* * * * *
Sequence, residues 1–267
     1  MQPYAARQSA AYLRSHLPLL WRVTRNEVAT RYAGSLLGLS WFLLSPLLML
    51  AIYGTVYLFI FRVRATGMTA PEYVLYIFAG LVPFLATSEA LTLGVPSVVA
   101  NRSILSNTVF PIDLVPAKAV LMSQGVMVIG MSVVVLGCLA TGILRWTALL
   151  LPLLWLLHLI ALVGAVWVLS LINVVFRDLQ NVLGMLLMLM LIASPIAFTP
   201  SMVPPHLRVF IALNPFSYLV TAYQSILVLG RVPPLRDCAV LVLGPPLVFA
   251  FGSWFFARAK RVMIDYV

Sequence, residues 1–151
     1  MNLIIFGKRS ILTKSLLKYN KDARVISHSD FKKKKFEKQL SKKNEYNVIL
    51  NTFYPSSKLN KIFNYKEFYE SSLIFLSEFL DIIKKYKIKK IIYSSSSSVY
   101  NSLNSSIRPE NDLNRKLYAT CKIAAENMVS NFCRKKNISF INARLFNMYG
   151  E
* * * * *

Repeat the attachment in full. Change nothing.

Sequence, residues 1–267
     1  MQPYAARQSA AYLRSHLPLL WRVTRNEVAT RYAGSLLGLS WFLLSPLLML
    51  AIYGTVYLFI FRVRATGMTA PEYVLYIFAG LVPFLATSEA LTLGVPSVVA
   101  NRSILSNTVF PIDLVPAKAV LMSQGVMVIG MSVVVLGCLA TGILRWTALL
   151  LPLLWLLHLI ALVGAVWVLS LINVVFRDLQ NVLGMLLMLM LIASPIAFTP
   201  SMVPPHLRVF IALNPFSYLV TAYQSILVLG RVPPLRDCAV LVLGPPLVFA
   251  FGSWFFARAK RVMIDYV

Sequence, residues 1–151
     1  MNLIIFGKRS ILTKSLLKYN KDARVISHSD FKKKKFEKQL SKKNEYNVIL
    51  NTFYPSSKLN KIFNYKEFYE SSLIFLSEFL DIIKKYKIKK IIYSSSSSVY
   101  NSLNSSIRPE NDLNRKLYAT CKIAAENMVS NFCRKKNISF INARLFNMYG
   151  E